A Simple Guide to Vulnerability Management

A “vulnerability assessment” discovers what vulnerabilities are present on your organization’s infrastructure and classifies them according to their level of criticality. Vulnerability assessments are usually conducted by qualified personnel or Approved Scanning Vendors (ASVs) by means of a vulnerability scanner, such as Nessus, OpenVAS, QualysGuard, Nexpose, and so on. These are special forms of software designed to assess computers, information systems, networks and applications for weaknesses that could be exploited by cybercriminals. Some common vulnerabilities often seen on our networks are weak passwords, missing patches or updates, misconfigurations, and lack of encryption. However, there are literally thousands of different vulnerabilities that these scanners can detect and, as a bonus, they usually include a remediation or suggestion for each vulnerability they detect.

Vulnerability assessments may not always be a requirement, but they are necessary if security is your top concern. If your organization sits in a regulatory environment, then it’s likely that vulnerability assessments are required to meet compliance. Companies that handle credit card information must comply with the Payment Card Industry Data Security Standard (PCI DSS) and conduct internal and external vulnerability assessments of their systems and processes every quarter. Likewise, agencies that handle federal information systems are required to conduct vulnerability assessments of their assets in accordance to the Federal Information Systems Management Act (FISMA). Companies or hospitals that handle personal health information must comply with the guidelines established in the Health Information Portability and Accountability Act (HIPAA). Though HIPAA does not strictly require vulnerability assessments, it does require a risk analysis, which is usually accomplished with the assistance of a vulnerability scan.

Before the Scan

Before a vulnerability scan is conducted, your organization should consider the following. Depending on the scope of the assessment, the results of a vulnerability scan can be very lengthy. Ideally, you’ll want to consider the capabilities of your staff, your goals, and any constraints hindering your assessment and remediation.

Consider the residual risk and the amount of risk your organization is willing to accept. Sometimes, we can simply avoid a risk by not providing a service or simply opting out of something. Similarly, if a security control outweighs the risk itself, it might just be better to accept that risk. On other occasions, we can transfer risk to a third party, such as an insurance company. Or, we can mitigate a risk by implementing security or compensating controls that eliminate the vulnerability or reduce its impact.


Are you required to follow a specific regulation? If so, inquire into what the regulatory body requires from your organization. Often times, regulatory environments are not only required to conduct vulnerability assessments, but are also expected to remediate uncovered vulnerabilities and prove that these vulnerabilities are resolved through an additional vulnerability scan. The PCI DSS requires a vulnerability scan whenever there have been any significant changes to systems or processes, so it pays to know how frequent scanning should occur and when scanning should occur off-schedule.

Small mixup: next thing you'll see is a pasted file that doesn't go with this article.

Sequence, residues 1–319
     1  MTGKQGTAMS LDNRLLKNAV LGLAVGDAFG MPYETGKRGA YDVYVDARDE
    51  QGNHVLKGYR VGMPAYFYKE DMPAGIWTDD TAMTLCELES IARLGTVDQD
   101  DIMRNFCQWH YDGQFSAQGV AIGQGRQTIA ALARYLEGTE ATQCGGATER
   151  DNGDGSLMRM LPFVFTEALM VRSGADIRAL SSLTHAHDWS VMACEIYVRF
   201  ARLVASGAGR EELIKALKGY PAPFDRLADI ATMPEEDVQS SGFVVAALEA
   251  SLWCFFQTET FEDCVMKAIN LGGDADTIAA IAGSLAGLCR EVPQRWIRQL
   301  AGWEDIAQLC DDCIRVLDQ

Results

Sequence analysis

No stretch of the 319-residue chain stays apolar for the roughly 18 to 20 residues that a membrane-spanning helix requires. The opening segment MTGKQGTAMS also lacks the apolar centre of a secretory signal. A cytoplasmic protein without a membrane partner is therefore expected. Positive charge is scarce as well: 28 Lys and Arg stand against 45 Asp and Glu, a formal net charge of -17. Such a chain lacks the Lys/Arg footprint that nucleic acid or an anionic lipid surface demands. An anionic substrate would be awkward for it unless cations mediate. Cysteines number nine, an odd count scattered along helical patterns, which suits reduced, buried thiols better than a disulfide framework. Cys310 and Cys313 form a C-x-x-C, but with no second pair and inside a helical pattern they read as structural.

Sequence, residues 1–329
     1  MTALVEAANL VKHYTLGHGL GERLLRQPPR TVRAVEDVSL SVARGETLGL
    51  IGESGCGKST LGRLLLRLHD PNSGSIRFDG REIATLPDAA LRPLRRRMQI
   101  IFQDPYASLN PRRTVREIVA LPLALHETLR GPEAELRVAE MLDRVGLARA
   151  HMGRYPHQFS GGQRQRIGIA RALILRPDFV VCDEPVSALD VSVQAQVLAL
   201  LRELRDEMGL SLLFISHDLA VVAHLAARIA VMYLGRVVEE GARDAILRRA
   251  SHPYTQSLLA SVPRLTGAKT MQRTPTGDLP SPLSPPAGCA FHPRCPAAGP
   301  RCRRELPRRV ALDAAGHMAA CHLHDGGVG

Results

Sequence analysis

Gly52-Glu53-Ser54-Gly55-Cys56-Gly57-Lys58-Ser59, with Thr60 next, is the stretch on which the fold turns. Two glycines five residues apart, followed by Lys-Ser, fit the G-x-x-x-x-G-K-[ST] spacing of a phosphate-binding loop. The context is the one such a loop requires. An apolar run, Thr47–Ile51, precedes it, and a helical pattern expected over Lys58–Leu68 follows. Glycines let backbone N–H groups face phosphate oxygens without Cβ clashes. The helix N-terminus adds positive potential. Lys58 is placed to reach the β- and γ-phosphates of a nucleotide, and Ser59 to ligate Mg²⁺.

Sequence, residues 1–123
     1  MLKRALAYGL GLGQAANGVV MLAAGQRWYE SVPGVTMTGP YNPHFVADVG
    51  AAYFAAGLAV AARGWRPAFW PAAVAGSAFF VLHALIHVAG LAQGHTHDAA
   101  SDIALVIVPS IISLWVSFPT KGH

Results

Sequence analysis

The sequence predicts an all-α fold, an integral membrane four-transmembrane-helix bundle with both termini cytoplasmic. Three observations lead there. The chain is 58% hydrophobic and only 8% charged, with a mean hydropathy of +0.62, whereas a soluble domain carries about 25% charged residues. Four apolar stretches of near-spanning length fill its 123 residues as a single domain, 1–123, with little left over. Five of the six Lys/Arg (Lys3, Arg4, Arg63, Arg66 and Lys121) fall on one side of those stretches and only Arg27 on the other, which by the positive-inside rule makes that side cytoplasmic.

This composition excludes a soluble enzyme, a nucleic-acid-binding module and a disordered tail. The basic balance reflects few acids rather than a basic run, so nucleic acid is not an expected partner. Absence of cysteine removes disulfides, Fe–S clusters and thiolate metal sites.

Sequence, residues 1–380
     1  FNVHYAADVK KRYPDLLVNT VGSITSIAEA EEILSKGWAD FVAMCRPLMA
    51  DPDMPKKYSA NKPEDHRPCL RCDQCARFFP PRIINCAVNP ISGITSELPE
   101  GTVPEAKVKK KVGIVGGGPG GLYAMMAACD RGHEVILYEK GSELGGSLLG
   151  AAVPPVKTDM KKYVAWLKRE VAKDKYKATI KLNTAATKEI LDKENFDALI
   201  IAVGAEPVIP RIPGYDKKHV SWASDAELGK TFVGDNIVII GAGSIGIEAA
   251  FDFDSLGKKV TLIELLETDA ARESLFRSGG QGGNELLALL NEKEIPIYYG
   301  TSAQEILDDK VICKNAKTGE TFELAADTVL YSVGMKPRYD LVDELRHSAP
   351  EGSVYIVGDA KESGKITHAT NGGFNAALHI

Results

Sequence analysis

Assess any technical constraints that are impeding the vulnerability assessment and address them before the scan. Do you have personnel that are qualified to conduct the vulnerability scan? If not, consider hiring an ASV. Does the frequency of your intended vulnerability scans require higher technical capacity? Sometimes, vulnerability assessments can affect the systems being scanned. Servers can slow down and printers can act erratic, so address the scope of the vulnerability scan as well. If a server is bringing in thousands of dollars in revenue per hour, you should rethink how you scan this server. Similarly, you have to be careful with what information is on these systems. If you’re scanning a server that holds personal health information, you must be sure that the vulnerability scan does not somehow reveal this type of sensitive information

Address Your Scanning Criteria

As I just briefly mentioned, consider the security and classification of the data of the assets your are scanning. What standard information classification does it hold? Is the system holding corporate confidential information or proprietary information whose improper disclosure could severely damage the company? Take care to ensure that this information isn’t compromised

Take a look at your vulnerability feed. The NIST’s “National Vulnerability Database (NVD)” provides an RSS web feed that alerts subscribers to new vulnerabilities when they are discovered or analyzed. When a critical vulnerability is discovered, you’ll know when it’s appropriate to conduct an out-of-schedule vulnerability scan to uncover if the vulnerability resides on your network.


A list of Common Vulnerabilities and Exposures (CVEs) for April 2018 reprinted from the NVD Web site. 

Organizations should also contemplate the scope of their vulnerability assessments. It would be nice to scan the entire network at once, but this isn’t feasible. Instead, create a series of scans and perform each one separately. Start the scan, take a nap, and then wait for an alert for when the scan is finished. Then, start the next scan.